Affiliate Marketers: SEM Friend or Foe?

There’s a crisis brewing in many verticals in which marketers’ focus has been on outsourced lead generation. Entranced by the prospect of shifting risk onto external agencies and publishers, many marketers entered into lead-gen deals (paying for leads on a cost-per-lead-generated basis) in which the agency was in a non- or partially exclusive relationship.

Many of those same marketers now realize they want to engage in SEM (define) themselves. Once they enter the marketplace alongside their lead-gen partners, they find the keywords that drive the majority of volume and potential profit are locked up by those partners.

Today, I’ll discuss why this is and what to do about it. And, why you may want to think again before engaging in a lead-gen relationship with a third party.

If you already use either partner or affiliate marketing to generate search leads on a performance basis, the way your affiliates affect the marketplace will differ dramatically depending on whether the relationship you have with them is exclusive lead-gen, non-exclusive lead-gen, revenue sharing, or fixed bounty deals.

Commission deals and exclusive lead-gen or bounty deals have the least impact on the marketplace as a whole. All three require the third party only earn money from one interaction or transaction at a time. Only you get the order or lead; none of your competitors benefit from the affiliate’s activities. The affiliate acts on your and its own behalf. This is the most common affiliate marketing method.

Marketers often believe they’ve made their lives simpler by shifting risk to a third party. That may be true, but chances are in the typical affiliate relationship, the situation results in the affiliate just going after the low-hanging fruit. After all, the affiliate is likely involved in this style of SEM for several marketers simultaneously. Because it’s investing its own money and time in the campaign, efforts on the easy pickings.

The primary downside is you’ll be disappointed if you rely on your affiliate partner to be aggressive in the marketplace. You’ll miss significant upside opportunities you would have pursued had you controlled your own campaigns and destiny.

But another option is to use affiliates as a supplement while managing them to avoid conflict with the primary marketer or each other.

The traditional affiliate or partner model isn’t as potentially insidious as are partner arrangements in which leads are sold on a non-exclusive basis. When you compensate a third party on a per-lead basis but the leads are simultaneously sold to your competitors, the lead aggregator has an amazing economic advantage in the auction marketplace. Though many lead aggregators add value to the marketplace, they can also create a nightmare for the marketer looking to enter the marketplace directly.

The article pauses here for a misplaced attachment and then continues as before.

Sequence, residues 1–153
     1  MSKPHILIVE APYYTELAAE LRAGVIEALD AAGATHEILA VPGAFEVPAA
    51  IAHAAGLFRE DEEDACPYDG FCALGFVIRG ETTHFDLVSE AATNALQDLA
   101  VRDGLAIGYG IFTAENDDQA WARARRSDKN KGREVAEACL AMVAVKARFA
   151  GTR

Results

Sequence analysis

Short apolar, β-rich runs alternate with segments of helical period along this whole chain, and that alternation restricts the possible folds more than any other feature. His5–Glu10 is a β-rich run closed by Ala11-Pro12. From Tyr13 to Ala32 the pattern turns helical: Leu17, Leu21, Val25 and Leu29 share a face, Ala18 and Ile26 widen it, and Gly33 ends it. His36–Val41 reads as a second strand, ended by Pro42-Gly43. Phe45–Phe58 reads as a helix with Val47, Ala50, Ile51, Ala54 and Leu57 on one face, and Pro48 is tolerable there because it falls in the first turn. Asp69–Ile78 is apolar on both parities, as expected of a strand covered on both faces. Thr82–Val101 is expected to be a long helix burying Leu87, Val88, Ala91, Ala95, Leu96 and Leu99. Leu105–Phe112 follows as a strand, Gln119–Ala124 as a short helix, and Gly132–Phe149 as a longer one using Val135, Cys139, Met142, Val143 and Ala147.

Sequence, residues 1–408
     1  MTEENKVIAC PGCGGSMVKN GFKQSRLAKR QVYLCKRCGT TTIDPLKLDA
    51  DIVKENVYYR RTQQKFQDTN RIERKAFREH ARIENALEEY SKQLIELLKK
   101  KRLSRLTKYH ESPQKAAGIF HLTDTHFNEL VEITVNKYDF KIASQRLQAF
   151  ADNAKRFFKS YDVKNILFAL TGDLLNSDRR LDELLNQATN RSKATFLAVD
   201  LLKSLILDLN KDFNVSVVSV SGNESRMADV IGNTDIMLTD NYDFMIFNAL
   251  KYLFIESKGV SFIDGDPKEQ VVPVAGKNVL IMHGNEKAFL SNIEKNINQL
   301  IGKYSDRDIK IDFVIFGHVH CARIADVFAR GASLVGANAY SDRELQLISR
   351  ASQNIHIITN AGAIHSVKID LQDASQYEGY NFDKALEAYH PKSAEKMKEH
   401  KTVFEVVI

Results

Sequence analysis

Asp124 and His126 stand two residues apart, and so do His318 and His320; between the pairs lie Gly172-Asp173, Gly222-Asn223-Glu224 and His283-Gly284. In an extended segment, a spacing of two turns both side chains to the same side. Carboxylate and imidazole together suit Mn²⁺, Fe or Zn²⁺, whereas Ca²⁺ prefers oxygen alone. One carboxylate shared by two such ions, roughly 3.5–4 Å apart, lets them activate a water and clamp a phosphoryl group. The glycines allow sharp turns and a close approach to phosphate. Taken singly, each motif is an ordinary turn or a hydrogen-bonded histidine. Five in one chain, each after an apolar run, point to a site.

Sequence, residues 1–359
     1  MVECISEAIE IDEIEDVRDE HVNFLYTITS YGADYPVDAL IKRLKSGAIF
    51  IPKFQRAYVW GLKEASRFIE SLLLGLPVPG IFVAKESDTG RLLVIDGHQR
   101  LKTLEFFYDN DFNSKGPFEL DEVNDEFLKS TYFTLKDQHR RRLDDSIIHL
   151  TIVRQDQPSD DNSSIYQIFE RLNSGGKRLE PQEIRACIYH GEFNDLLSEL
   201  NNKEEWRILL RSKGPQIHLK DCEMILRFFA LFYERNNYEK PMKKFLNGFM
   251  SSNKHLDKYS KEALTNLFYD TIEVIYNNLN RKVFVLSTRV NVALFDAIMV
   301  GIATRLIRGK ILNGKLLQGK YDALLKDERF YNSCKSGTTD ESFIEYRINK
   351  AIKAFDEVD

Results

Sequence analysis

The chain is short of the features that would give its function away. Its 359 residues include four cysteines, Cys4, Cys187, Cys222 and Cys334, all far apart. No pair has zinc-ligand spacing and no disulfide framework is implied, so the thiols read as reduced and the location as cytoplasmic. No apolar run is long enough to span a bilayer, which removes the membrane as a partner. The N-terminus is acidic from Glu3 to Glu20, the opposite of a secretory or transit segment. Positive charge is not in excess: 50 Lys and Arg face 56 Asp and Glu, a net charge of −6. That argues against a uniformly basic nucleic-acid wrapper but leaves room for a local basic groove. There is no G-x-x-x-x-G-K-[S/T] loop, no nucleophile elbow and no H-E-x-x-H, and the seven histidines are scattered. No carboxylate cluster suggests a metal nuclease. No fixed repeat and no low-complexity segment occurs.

Consider the following: An online university offers multiple lead-gen partners a per-lead fee of $75 on a non-exclusive basis. Let’s assume an average non-exclusive lead is actually worth $100 to the online university, but the marketing manager left himself a buffer in case the vendor’s lead quality is subpar. As the lead aggregator signs additional educational institutions all paying from $60 to $100 per lead, that lead aggregator gains a cost advantage in the marketplace. At some point, the lead aggregator can probably pay $300 a lead and still make $300 profit by selling that lead on a non-exclusive basis to several universities.

In some industries, the number of lead aggregators has skyrocketed into the dozens. This results in an efficiency war and a battle for scale among the economically advantaged lead generators. We now have several markets in which lead-gen partners have a chokehold on the search marketplace. Where does that leave a marketer looking to participate in the auction search marketplace directly? Squeezed out by partner sites.

The math works the same way with any lead-gen scenario in which leads are sold on a non-exclusive basis by the lead aggregator. Marketers can’t compete on many critically important keywords in their own industry.

There are no easy solutions. A marketer can pull out of lead-gen relationships, but this only slightly reduces the partner’s profit and leave the organization with far fewer leads.

Alternately, the marketer could apply CRM (define) and segmentation modeling to his campaigns to discover where the very best customers come from. These customers have five times the value of the average customer. In the example above, a great profitable customer may be worth $500 per lead. At $500, perhaps the marketer can compete directly for the few highly important customers. Simultaneously, he could roll out offerings the competition doesn’t have. In newly identified, sparsely competitive segments, keyword competition will be lower. If no competition enters the marketplace, no lead-gen partners have an incentive to be aggressive. You have the market to yourself.

The final option is to adopt an integrated marketing mentality rather than a pure direct marketing one. Consider buying keywords that tend to represent early buy-cycle research. Your objective is to build awareness and increase the likelihood your brand will be selected later in the buying cycle. Ironically, this holistic approach to keyword buying will often benefit your lead-gen partners as well.

The next two years will be critical to several industry segments that have given rise to non-exclusive lead-gen middle layers. It’s an area I plan to watch carefully.

Meet Kevin at Search Engine Strategies in New York City, February 27-March 2.

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